Here's another question:

    What can someone making a disability claim do to try to make sure that their claim is sound and watertight?

  • Here's another question:

    What can someone making a disability claim do to try to make sure that their claim is sound and watertight?

  • @Forum_Moderator

    Some of the more common reasons for denials include the following (often there may be a combination of two or more of the grounds listed below):

    a. There is not sufficient objective (medical) evidence supporting the reported restrictions and limitations that prevent the insured from performing the essential duties of his or her own / regular occupation;

    b. The insured is not under the regular care of a physician;

    c. The insured is not receiving optimal treatment for the condition that he / she has been diagnosed with (for example the insured has not been referred to a specialist or is not currently being followed by a specialist). Similarly, if the insured’s pain condition had been as severe or disabling as the insured alleges it is, the insured would have been prescribed stronger pain medications or would have been enrolled in a pain management program;

    d. The insured is not following recommended treatment advice or is not enrolled in a recommended treatment plan;

    e. In some cases, where the policy language allows for a pre-existing condition exclusion based on the fact that the insured has not had coverage for a specific period mandated within the policy, a denial based on a pre-existing condition. In this instance the denial (if it is the sole basis for the denial), is focused on exclusionary language within the policy and does not necessarily address the merits of whether the insured actually meets the definition of total disability within the policy;

    f. In certain instances, the insurer will deny a claim where it deems the insured to be refusing to participate in an active rehabilitation program, as approved by the insurer;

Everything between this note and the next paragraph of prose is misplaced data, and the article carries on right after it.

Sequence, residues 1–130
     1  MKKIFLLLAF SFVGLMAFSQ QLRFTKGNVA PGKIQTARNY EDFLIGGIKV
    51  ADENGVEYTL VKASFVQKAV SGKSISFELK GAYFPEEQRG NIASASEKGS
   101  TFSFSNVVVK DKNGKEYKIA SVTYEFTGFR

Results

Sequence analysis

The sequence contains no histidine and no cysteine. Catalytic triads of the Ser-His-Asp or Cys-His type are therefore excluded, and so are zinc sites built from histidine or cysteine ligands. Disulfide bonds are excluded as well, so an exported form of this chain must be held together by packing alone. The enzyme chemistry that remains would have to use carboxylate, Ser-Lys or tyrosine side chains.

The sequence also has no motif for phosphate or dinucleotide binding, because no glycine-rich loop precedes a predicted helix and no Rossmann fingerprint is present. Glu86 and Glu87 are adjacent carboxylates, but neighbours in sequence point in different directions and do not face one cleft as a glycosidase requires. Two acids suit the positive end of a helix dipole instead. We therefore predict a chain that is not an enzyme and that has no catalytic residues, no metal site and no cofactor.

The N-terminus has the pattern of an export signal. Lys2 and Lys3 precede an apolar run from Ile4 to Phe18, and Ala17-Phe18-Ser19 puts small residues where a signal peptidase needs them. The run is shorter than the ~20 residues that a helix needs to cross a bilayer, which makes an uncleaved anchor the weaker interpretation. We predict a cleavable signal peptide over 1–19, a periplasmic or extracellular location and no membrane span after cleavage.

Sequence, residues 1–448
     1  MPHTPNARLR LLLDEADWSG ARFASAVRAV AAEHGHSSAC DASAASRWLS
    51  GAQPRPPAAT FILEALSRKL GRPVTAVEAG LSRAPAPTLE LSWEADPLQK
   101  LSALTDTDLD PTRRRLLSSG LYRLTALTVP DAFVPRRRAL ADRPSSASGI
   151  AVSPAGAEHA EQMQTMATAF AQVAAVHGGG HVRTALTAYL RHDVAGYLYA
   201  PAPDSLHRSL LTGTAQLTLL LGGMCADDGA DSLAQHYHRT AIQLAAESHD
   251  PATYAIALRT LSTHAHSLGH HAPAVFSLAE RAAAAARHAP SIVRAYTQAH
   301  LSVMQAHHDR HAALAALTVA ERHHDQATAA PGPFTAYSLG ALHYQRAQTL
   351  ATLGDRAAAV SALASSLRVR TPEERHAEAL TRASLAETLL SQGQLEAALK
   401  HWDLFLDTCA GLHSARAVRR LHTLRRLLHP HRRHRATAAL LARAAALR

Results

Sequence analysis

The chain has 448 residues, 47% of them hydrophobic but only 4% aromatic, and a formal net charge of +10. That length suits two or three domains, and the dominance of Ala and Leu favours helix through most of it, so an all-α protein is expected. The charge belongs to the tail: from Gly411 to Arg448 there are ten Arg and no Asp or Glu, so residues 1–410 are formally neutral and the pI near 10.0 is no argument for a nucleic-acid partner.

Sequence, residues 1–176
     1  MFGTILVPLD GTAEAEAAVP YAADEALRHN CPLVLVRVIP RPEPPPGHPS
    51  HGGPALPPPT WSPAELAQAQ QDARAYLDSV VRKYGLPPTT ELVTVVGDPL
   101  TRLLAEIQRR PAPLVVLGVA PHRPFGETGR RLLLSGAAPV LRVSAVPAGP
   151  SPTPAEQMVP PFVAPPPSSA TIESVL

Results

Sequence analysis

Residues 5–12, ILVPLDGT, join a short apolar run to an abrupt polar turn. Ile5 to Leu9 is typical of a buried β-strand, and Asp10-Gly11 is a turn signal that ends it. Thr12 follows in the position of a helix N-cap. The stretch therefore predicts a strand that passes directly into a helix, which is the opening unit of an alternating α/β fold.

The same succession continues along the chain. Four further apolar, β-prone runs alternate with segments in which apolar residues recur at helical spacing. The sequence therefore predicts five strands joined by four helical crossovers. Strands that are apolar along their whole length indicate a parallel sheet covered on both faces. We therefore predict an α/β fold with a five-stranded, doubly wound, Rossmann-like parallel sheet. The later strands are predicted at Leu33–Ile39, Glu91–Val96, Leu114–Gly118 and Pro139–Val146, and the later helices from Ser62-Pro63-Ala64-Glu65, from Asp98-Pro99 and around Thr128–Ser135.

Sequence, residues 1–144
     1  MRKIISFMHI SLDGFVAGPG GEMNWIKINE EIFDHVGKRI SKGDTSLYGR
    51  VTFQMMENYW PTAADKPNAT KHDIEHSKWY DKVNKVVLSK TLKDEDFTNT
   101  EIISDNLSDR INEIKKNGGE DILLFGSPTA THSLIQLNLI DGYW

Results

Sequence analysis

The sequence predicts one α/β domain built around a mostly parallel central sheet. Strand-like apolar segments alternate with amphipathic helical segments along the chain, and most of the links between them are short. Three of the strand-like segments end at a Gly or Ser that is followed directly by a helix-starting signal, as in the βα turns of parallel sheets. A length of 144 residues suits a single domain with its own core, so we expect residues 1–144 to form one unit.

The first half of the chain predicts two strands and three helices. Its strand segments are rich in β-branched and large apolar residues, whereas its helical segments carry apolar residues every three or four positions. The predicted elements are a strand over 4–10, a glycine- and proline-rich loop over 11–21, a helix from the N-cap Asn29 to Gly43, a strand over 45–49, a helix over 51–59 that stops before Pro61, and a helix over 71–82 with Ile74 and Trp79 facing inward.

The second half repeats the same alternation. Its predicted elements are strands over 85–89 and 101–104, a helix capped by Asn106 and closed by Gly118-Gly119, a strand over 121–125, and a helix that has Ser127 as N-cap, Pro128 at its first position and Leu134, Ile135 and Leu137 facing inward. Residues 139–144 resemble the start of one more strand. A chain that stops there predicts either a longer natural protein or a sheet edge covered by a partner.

g. Where the definition of total disability changes within the meaning of the policy from a total disability of one’s own or regular occupation to a total disability from “any occupation: many claims are denied at this stage (called the “change of definition” stage). The insurer will take the position that the insured, even though the insured may be totally disabled from performing the essential duties of his or her own or regular occupation, is not totally disabled from performing the essential duties of “any” occupation; and

    h. In instances where there may be an element of addiction / substance abuse issues, the insurer may deny the claim if the insured is a not enrolled in a registered / approved treatment facility specifically to treat the substance abuse.

    I have seen all of the above, and various combinations of the above, as reasons for denials of disability claims by insurers in matters that I have litigated. There are specific strategies to deal with these denials, dependent on the individual circumstances of each specific claim. Remember that the starting point of any analysis is always the language within the particular policy. Insurers routinely employ “medical consultants” or “health partners” (a fancy name for the insurer’s in-house medical doctors), to review claim documents, which would include medical reports, attending physician statements, and summaries of telephone interviews with the insured, to provide “opinions”, without ever having had an opportunity to interview, let alone examine, the person making the claim. These “opinions” are generated with the goal of establishing whether the disabled person (the person living with chronic pain), is actually restricted and / or limited from performing the essential duties of the subject occupation. The absurdity of this approach is that the insurers routinely rely on the opinions of these in-house medical consultants, to establish whether the person has restrictions and / or limitations that would indeed render them totally disabled from working, as opposed to the informed opinions of the disabled person’s actual treatment providers, who have had the benefit of examining and following the insured for a period of time.

    @martinw, can you talk about common reasons why disability claims get denied?